“Who says you cant teach a hot dog new tricks?” – asks Elsie, the Borden Cow (Jun, 1949)

“Who says you cant teach a hot dog new tricks?” – asks Elsie, the Borden Cow

Try Elsies Hot Diggity Dogs!
(—and taste the rich cheese goodness that Borden’s Chateau adds to the popular frank!)

“It’s tricks like this that make a picnic click,” rhymes Elsie. “And this one’s easy: “Cut frankfurters lengthwise, but not quite through. Spread cut sides with mustard. Place thick strips of Borden’s Chateau in each frankfurter. (Now watch your cheese! Chateau’s just right! Its mellow Cheddar flavor has lots of zip. And it melts so well—soft, not stringy!) “Wrap a strip of bacon around each frank and fasten with toothpicks. Grill till bacon is crisp and cheese is melted. Serve on toasted rolls.

“They’re good— believe me! You can count on Borden’s Chateau for that! It has a wonderful way with all the things you make with cheese— from sandwiches to souffles! Look for Chateau in its colorful new wrapper at your food store. 1/2-lb- pkg. (plain or pimento) or 2-lb. loaf.”

Borden’s Fine Cheeses

Lots of dash for your “one hot dish” Borden’s Grated American!

“Show me a really dashing dish of scalloped potatoes or macaroni,” says Elsie, “and I’ll show you a cook who makes these fine old standbys with Borden’s Grated American Cheese! Grated fine, it melts and blankets every morsel with honest cheese goodness! Your store has Borden’s Grated American in 2-oz. and 4-oz. shaker top canisters with colorful new labels.”

Like Swiss cheese? You’ll love “Borden’s Gruyere!”

“I expect you’ll yodel for joy when you taste Borden’s Gruyere Cheese,” predicts Elsie. “It’s delicious—made from that wonderful nut-sweet Swiss cheese that is the pride of Wisconsin’s fine cheese-makers. It has all the flavor of finest Swiss, aged nine months or more. Take it along for a picnic treat! Borden’s packs it in 1-oz. portions—six in a handy, re-usable circular box of clear plastic. At your dairy counter.”

If it’s Borden’s, it’s got to be good!

  1. Hirudinea says: November 1, 20121:43 pm

    Old food ads always look so unappetizing, either the ink colours fade over time at a differential rate or people back then were just used to eating crap.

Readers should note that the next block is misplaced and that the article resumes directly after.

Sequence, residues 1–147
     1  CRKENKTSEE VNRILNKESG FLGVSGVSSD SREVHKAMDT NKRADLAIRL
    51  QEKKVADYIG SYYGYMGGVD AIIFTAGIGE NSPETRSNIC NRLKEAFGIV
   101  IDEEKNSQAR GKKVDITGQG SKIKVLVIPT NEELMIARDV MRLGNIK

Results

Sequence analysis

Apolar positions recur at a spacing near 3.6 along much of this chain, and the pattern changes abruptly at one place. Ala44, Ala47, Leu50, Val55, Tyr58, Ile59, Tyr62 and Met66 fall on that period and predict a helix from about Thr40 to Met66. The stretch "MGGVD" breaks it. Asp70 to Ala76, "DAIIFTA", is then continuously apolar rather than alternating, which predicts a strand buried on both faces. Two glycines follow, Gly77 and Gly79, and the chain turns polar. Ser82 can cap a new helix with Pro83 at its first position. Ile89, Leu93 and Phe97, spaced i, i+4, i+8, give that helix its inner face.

2. Toronto says: November 1, 20122:12 pm

    Ooo – a “handy, re-usable circular box of clear plastia handy, re-usable circular box of clear plastic!”

  3. blast says: November 1, 20125:53 pm

    “Old food ads always look so unappetizing” because they are perhaps more realistic than the modern artifice of food styling. In this ad, it looks rather like they really did char the thing on a backyard grill and then plop it in front of a camera. Nowadays they don’t necessarily even cook it, but fuss over it with heat guns, hot irons and spritzers like hair.

    Not that you could count on realism all the time. “They’re good— believe me! You can count on Borden’s Chateau for that! …” Yeah, you can count on the bacon for that.

  4. Hirudinea says: November 1, 20128:35 pm

    @ blast – Oh I know about food styling (did you know they use white glue instead of milk in some cereal ads because real milk doesn’t look good enough?) but still this food doesn’t look right , look at that pasta, the bacon, the radishes, the colours just aren’t right.

  5. Toronto says: November 1, 201210:14 pm

    Was this printed on coated stock? Half-toned? Printing technologies changed a lot over the last 80 years.

  6. Charlene says: November 2, 201212:55 am

    So have expectations.

  7. patrick2612 says: November 2, 20122:03 pm

    I’m not from the US, but if you gave me a word-association test and said “Borden”, my instant response would be “Lizzie”. Maybe it’s just that Lizzie is the only Borden most people in Britain have ever heard of, but I do hope the company didn’t/doesn’t sell meat products as well.

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